At a time in everyone’s life, we come to find ourselves in a situation where the music stops, and we must go on.  The unfortunate truth about life is that the unexpected will happen. Some of us learn from it, some of us change because of it and some of us find our life’s calling because of it. The latter was the case for me.  After our dad picked us up from middle school, we spent that afternoon like we had every afternoon that month. We went to the oncology unit at the hospital, where my brother was admitted.



I remember him. I remember the man in the dark blue sarong the same way I remember the lines on back of my own hand. He was hunched over next to a column on a dirty platform at a railway station in Calcutta, India in the middle of the harsh summer sun. His hands were withered, his fingers and toes looked like tiny nubs, and he was completely malnourished and alone. He had opaque blue eyes, as if fog had taken place of his irises and pupils.



I studied insects in college; my favorite insects were the bees (I found them diligent and so helpful to humankind).  One of my favorite classes was about medical diseases caused by insects. My professors noticed my interest in the medical side of things and connected me with a professor who did clinical research. Our work focused on a clinical trial for children with intractable epilepsy and exposed me early on to patient care and patients.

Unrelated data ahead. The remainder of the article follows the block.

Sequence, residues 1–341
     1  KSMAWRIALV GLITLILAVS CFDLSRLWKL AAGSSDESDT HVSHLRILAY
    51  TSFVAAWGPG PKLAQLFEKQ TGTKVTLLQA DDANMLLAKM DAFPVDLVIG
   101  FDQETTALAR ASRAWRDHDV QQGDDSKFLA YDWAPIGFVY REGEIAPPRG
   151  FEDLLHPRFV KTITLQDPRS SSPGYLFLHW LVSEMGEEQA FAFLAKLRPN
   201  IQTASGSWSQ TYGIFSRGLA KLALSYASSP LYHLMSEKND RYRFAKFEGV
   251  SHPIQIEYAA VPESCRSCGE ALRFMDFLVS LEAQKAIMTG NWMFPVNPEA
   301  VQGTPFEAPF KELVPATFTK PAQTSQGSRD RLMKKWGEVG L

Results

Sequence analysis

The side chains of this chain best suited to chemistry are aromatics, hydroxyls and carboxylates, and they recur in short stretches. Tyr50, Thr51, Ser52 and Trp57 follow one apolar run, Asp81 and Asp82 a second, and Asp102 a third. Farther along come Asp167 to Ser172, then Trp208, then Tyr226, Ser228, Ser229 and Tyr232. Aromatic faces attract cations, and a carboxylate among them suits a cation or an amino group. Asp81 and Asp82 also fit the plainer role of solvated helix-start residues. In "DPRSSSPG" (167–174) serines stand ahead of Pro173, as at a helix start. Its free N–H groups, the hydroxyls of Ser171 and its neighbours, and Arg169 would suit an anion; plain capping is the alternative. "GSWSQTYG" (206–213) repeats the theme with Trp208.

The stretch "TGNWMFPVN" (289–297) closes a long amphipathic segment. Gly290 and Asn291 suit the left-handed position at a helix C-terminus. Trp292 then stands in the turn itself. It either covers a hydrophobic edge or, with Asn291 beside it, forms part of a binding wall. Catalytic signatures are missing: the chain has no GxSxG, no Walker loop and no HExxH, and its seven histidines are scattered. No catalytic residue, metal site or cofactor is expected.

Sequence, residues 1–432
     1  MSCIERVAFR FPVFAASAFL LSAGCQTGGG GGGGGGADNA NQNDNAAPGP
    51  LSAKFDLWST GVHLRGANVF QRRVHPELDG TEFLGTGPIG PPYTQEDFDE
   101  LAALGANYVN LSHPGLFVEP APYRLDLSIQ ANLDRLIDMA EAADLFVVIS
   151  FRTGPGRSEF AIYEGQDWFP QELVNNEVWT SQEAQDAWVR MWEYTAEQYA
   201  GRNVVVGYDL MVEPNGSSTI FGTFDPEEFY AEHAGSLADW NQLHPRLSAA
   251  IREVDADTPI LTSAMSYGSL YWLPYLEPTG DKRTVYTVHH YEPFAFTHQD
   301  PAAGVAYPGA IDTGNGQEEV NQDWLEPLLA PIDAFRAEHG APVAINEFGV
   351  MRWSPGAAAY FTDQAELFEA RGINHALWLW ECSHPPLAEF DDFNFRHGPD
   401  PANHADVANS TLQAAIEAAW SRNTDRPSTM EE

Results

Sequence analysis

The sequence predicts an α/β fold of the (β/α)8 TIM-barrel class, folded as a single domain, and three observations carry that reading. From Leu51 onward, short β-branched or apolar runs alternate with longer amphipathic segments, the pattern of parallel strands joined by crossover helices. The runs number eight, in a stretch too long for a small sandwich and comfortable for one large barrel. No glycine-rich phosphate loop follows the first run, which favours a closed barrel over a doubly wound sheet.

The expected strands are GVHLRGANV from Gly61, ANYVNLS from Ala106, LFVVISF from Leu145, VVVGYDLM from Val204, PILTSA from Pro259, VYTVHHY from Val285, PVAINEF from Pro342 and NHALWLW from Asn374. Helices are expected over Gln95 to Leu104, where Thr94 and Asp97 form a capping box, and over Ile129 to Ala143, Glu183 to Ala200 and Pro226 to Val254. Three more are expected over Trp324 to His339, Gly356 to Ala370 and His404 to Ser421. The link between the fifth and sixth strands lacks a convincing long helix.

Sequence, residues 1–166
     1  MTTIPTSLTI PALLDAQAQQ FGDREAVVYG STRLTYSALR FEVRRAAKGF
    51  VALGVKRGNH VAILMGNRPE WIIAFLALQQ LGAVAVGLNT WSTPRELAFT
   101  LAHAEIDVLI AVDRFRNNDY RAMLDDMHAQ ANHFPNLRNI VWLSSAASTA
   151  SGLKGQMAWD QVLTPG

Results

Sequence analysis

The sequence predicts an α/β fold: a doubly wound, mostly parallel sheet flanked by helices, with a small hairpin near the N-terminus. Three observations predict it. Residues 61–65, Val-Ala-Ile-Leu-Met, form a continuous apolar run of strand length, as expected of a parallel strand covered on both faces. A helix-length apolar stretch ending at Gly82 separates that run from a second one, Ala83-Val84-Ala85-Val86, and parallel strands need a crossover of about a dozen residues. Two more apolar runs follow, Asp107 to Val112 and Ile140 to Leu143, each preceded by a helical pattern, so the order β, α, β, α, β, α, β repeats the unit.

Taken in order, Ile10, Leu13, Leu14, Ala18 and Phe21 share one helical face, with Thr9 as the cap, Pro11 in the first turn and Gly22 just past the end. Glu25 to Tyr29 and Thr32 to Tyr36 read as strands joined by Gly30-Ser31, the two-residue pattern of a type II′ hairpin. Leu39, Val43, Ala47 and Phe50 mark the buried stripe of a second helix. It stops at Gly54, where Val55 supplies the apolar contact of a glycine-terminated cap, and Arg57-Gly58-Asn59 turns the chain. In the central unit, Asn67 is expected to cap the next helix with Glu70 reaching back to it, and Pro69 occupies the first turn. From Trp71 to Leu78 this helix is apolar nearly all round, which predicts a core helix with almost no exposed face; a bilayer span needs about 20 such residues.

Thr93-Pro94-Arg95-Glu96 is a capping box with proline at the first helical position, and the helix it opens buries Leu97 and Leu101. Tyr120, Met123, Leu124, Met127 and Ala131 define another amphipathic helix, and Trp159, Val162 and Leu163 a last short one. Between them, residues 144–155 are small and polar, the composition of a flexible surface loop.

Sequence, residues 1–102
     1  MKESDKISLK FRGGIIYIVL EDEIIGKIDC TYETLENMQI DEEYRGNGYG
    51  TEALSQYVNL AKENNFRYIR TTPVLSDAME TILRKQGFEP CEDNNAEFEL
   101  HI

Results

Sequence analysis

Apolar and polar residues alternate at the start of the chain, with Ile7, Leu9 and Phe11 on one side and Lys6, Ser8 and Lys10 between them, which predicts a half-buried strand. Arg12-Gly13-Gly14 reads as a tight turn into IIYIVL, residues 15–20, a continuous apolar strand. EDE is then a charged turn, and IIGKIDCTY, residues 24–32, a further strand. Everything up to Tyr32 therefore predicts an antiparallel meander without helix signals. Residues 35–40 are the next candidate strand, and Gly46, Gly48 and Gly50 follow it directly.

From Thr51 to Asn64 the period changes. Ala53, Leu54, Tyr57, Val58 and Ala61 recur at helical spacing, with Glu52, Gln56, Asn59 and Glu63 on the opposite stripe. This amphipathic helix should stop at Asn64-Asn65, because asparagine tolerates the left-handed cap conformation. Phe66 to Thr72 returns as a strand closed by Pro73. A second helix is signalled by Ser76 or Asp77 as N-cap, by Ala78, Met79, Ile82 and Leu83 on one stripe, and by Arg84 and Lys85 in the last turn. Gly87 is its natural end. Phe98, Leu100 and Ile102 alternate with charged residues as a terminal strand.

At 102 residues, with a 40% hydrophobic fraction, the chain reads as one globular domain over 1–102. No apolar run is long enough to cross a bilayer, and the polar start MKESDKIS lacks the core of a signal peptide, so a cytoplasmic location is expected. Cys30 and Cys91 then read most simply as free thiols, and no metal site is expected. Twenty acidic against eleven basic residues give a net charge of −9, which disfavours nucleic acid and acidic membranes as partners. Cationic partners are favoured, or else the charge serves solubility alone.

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digital health services. Instead of sending healthcare providers by car for repeated follow ups, how about an initial in-person consultation with video encounters interspersed between periodic personal visits? If the patient warrants a more thorough evaluation during a video chat, a provider can be dispatched or EMS called. The most intriguing aspect is that these video encounters can all occur with a handheld smartphone, which are already paid for and used by two thirds of Americans. Patients would not be confined to the living room in front of an expensive smart TV or bulky computer. They could video chat their caretaker from the bed when feeling too ill to get up; patients could pan across their medicine cabinet to reveal pills in short supply; those involved in a farm accident can identify the very agent causing harm. These digital approaches offer another avenue for seeing remote, rural patients where they are. Telemedicine is only in its infancy. Further advances will lay the foundation for the next great step in rural patient care: telesurgery.